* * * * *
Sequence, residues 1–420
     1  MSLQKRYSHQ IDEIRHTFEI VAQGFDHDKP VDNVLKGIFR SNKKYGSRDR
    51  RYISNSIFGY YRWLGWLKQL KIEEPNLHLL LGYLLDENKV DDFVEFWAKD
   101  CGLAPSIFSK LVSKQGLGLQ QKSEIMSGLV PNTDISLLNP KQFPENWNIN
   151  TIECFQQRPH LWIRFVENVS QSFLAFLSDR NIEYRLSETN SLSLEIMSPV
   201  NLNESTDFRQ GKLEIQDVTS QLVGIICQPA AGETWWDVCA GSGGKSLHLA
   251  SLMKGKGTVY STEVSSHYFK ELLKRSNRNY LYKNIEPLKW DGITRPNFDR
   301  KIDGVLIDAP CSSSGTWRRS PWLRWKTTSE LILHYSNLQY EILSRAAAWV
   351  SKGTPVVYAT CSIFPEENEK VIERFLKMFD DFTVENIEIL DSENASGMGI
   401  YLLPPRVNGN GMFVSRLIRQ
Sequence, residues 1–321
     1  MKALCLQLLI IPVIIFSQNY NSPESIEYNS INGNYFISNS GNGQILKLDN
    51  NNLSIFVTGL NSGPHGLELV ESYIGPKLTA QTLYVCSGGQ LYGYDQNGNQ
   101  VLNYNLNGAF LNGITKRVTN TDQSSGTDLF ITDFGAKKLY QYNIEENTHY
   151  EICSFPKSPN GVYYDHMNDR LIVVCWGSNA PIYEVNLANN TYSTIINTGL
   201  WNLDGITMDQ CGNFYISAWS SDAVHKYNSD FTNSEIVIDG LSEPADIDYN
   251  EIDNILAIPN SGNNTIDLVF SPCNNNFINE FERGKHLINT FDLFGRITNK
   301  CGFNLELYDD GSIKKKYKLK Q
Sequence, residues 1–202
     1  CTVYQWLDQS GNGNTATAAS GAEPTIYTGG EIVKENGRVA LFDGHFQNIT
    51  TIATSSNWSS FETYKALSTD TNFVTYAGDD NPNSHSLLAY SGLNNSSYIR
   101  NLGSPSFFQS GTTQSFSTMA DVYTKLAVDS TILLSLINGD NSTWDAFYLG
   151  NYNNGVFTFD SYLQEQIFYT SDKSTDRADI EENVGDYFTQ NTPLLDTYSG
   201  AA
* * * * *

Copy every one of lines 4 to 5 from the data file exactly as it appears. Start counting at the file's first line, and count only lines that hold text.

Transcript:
   101  CGLAPSIFSK LVSKQGLGLQ QKSEIMSGLV PNTDISLLNP KQFPENWNIN
   151  TIECFQQRPH LWIRFVENVS QSFLAFLSDR NIEYRLSETN SLSLEIMSPV